Though not occurring for the first time, the rupee’s sudden and sharp depreciation in relation to the dollar has caused all round concern. A major reason has been the sheer unpredictability of the currency movements at this juncture. Not long ago, the problem seemed to be centred on rupee appreciation. There were many who had advocated Reserve Bank of India intervention to preserve export competitiveness. The fact that in the January-March quarter, India’s export performance was slightly better than in the previous quarters lent support to that view. Yet, without any significant change in external demand — Europe remains in the doldrums while the recovery in Japan and the U.S. is uneven and beset with many problems — India’s external economy faces a great deal of uncertainty. The sharp decline in the rupee’s external value is one of the important manifestations of this. Since May the rupee has fallen by 5.3 per cent. It fell below 57 to the dollar on Thursday and continued its slump Friday. It is small consolation that the currencies of almost all emerging market countries have declined. The argument that it is not the rupee’s weakness so much as the dollar’s strength that is driving down the home currency does not really help India’s currency managers.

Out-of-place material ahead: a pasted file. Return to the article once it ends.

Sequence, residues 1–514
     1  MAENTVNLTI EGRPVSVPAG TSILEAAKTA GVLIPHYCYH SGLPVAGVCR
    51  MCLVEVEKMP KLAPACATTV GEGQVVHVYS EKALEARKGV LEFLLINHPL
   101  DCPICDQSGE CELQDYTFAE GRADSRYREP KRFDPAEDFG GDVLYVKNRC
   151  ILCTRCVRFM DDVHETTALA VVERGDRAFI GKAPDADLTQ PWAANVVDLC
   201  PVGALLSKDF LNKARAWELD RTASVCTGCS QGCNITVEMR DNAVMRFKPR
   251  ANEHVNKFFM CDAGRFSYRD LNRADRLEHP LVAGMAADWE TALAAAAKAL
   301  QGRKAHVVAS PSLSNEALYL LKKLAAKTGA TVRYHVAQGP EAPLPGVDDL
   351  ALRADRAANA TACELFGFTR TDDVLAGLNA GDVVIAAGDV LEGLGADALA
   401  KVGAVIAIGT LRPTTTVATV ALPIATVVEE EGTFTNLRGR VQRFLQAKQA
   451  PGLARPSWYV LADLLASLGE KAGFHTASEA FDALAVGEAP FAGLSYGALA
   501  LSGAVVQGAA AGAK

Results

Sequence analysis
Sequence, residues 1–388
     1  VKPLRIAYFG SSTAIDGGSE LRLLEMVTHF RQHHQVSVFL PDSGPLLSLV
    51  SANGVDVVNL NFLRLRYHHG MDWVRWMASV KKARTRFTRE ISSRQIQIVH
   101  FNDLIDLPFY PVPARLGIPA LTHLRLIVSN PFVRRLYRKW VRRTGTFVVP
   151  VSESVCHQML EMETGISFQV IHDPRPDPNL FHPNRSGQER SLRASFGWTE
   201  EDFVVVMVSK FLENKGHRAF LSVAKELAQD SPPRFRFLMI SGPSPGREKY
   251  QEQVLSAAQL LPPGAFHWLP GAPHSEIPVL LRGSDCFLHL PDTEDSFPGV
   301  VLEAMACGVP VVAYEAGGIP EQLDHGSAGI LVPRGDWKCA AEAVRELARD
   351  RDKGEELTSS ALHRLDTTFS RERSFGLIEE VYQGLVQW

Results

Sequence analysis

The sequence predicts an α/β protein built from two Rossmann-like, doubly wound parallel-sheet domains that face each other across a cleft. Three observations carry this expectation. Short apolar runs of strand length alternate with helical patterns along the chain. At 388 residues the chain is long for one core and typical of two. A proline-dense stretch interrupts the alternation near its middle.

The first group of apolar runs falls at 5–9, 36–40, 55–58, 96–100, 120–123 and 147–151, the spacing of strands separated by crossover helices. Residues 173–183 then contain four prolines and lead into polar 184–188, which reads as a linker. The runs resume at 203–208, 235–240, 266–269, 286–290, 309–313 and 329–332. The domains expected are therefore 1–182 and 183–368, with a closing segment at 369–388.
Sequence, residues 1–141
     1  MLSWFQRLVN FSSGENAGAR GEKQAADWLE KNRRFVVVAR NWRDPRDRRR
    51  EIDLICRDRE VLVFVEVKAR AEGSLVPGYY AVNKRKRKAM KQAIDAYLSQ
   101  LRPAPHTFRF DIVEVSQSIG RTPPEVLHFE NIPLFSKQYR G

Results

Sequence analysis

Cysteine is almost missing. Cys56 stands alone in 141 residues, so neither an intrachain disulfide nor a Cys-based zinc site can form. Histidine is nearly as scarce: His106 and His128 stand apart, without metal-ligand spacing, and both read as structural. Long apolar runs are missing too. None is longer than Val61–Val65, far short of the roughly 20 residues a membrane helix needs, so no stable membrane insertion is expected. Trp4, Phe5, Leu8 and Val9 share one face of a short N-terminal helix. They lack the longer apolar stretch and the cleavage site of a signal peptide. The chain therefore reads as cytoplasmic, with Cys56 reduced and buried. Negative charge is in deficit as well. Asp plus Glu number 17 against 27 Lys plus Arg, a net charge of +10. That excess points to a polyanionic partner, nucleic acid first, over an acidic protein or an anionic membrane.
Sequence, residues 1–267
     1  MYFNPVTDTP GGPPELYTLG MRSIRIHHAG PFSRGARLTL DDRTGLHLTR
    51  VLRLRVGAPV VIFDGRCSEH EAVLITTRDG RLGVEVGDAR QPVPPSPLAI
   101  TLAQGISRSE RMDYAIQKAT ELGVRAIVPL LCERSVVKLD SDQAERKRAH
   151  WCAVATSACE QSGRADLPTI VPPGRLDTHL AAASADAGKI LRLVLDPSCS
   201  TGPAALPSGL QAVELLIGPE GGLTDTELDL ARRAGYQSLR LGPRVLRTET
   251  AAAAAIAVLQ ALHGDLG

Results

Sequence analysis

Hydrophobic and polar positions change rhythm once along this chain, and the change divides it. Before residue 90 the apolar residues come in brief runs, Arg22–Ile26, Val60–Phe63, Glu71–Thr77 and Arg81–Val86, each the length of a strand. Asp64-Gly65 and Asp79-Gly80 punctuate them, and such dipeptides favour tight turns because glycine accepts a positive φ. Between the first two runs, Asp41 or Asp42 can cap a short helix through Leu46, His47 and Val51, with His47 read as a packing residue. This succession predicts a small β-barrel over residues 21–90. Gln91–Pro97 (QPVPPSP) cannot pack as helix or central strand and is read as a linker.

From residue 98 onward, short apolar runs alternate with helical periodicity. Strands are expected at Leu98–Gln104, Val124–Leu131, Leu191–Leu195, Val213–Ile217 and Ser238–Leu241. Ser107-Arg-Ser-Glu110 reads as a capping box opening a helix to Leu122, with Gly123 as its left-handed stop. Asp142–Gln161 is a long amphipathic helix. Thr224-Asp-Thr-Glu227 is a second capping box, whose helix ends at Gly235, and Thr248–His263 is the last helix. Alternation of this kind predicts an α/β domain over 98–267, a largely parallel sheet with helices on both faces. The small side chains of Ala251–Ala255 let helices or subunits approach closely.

The dollar appears to have gained on the belief that the Federal Reserve will end its controversial quantitative easing programme. Once that happens, the large capital flows that have come to India and other emerging markets will flow back to the U.S. to meet investment needs there, dangerously exposing India’s vulnerabilities in its balance of payments. The unacceptably large current account deficit — estimated at around $100 billion — crimps exchange rate management in several ways. It restricts the scope of RBI intervention, which in any case cannot count indefinitely on previously accumulated external reserves for its ammunition. In fact, reserves now estimated at around $292 billion have come under stress recently. When compared to India’s mounting external liabilities — in the region of $300 billion and growing — the level of reserves no longer gives the cushion it used to. It goes without saying that a depreciating rupee makes imports costlier. The benefit of the likely fall in global oil prices will be negated. Nor has the seemingly insatiable appetite for gold dimmed despite the administrative and tariff measures adopted recently. There is a danger of domestic price levels flaring up again in the wake of the rupee’s depreciation. Ironically, it is the slowdown in GDP growth that has become India’s last line of defence against imported inflation.

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